It is probably fair to say that I approached Simone de Beauvoir the wrong way round: I visited her grave before I read a word she'd written. This was not particularly my intention. Many years ago I was in Paris, with a handsome man who liked Sartre (my youth was filled with such men, several of whom also played the guitar. I have nothing to offer in my defence). He liked Sartre so much that he wanted to visit the great man's grave.
Sartre was a bit recent for me, philosophically speaking: in those days, I had recently graduated in classics, so I knew a reasonable amount about Plato and Aristotle, but very little about philosophers after, say, Marcus Aurelius. But since we'd already been to the Louvre to see a bust of Socrates, it seemed only reasonable to head to Montparnasse Cemetery to check out one of his most celebrated descendants. And when we arrived, of course, I realised we were actually visiting two of them.
Sartre and Beauvoir share a headstone, an austere block with plain lettering. Just their names and dates. Him above her, because he died first. From a distance, it looked like it had been vandalised, or at least littered. A few dying flowers lay limply across the grave. But they were surrounded by paper scraps and pebbles, as though dozens of people had emptied their pockets and left the contents behind. As we drew closer, it became clear that it was covered with notes – which made perfect sense: people often write messages to authors, and death is no obstacle to that – and Metro tickets, which made no sense at all. I asked the handsome man why people left their tickets on this grave, weighed down by small stones. He didn't know either.
It was surprisingly difficult to find the answers to such questions in the days before search engines. And once I got back to the UK, I forgot about it. I didn't think of it again even when I finally read Simone de Beauvoir. I only remembered it when I started writing this piece. A quick online query provided the answer, or at least one answer. Apparently, people leave the tickets to commemorate the couple's support of the French Maoists, who once gave Metro tickets away after a hefty price hike rendered them unaffordable to many ordinary workers. One source explains that Sartre even edited the French Maoist newspaper for a while, when the usual editor was arrested.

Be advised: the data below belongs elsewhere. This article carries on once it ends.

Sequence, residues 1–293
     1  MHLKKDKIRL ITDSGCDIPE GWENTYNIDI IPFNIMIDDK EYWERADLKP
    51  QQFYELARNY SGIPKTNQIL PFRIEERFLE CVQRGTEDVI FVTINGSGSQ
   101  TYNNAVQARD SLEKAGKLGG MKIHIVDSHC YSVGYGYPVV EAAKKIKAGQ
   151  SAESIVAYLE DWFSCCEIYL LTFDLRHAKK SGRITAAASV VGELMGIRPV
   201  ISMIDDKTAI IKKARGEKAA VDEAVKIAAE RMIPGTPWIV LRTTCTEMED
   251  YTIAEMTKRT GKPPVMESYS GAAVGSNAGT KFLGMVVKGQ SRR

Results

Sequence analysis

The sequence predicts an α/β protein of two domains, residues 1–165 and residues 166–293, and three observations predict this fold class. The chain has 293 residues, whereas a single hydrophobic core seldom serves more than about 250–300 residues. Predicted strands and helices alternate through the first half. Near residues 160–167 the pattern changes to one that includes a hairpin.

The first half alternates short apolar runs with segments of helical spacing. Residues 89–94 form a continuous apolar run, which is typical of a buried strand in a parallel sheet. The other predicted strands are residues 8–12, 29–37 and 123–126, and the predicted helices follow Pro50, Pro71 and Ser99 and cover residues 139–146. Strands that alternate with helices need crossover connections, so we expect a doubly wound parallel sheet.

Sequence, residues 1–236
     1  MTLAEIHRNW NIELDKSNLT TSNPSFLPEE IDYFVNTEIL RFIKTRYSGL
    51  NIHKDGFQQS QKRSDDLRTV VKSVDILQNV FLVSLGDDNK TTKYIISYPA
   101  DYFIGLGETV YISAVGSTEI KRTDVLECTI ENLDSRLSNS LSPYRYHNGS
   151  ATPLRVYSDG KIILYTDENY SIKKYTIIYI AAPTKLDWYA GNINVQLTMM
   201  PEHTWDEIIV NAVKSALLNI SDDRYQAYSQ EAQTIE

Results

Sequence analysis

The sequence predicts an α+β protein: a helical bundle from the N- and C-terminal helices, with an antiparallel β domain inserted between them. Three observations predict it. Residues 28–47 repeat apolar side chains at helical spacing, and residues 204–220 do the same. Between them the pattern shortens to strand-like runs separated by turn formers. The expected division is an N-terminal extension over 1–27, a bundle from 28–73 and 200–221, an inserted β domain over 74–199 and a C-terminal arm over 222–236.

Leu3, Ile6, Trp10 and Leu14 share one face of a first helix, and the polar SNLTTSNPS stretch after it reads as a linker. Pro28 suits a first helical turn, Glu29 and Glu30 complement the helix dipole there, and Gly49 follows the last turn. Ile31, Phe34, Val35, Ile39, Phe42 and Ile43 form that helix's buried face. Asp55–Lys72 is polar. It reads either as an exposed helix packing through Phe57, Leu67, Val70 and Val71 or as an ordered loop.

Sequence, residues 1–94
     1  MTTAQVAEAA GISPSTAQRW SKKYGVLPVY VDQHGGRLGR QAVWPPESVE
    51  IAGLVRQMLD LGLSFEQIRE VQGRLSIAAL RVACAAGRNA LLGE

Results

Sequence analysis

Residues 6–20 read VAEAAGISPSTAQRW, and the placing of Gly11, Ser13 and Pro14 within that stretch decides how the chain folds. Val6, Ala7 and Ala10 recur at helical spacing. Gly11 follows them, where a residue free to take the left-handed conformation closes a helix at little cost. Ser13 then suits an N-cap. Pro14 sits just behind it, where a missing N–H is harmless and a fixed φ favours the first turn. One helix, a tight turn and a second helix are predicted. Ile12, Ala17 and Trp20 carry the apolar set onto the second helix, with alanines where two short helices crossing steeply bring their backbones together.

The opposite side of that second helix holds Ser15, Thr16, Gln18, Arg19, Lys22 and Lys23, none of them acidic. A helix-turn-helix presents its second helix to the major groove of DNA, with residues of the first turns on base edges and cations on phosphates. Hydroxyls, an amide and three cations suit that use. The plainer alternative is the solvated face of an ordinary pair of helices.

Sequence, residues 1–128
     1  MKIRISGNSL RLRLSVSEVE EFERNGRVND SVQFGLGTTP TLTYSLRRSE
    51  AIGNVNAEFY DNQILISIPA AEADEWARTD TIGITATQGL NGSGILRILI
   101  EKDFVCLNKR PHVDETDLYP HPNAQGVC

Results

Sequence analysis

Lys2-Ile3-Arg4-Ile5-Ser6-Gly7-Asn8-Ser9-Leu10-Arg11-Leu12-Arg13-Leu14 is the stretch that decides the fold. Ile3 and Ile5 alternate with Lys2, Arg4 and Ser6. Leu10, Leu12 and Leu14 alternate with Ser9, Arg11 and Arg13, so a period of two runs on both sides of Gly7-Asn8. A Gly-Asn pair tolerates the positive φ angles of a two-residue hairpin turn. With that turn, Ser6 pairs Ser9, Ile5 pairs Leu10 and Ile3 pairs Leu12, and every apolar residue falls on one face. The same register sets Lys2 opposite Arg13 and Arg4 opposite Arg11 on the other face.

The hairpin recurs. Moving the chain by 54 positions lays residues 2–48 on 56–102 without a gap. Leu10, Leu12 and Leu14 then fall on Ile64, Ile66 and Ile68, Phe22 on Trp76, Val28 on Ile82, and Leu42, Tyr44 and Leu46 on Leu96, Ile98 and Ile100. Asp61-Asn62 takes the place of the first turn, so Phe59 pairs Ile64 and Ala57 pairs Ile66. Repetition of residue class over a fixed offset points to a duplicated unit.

So the tickets – which are still piled on the grave today – are a neat symbol of Beauvoir and Sartre's socialist ideals, far more than weary carnations and dead roses. Although I find myself wondering if all the ticket-leavers know this backstory, or if some just place their tickets on the gravestone because they see that other people have done so. I can't now remember if we left our tickets there in similar vein, or retained them for the journey back to our hotel.
When I finally got around to reading The Second Sex, I knew that – had I read it before that Parisian trip – I would have left her a note and a book of train tickets. I knew it from the first two sentences: "I hesitated for a long time before writing a book on woman. The subject is irritating, especially for women; and it is not new." That's an audacious way to begin your masterwork. And this witty, astringent tone pings throughout Beauvoir's writing.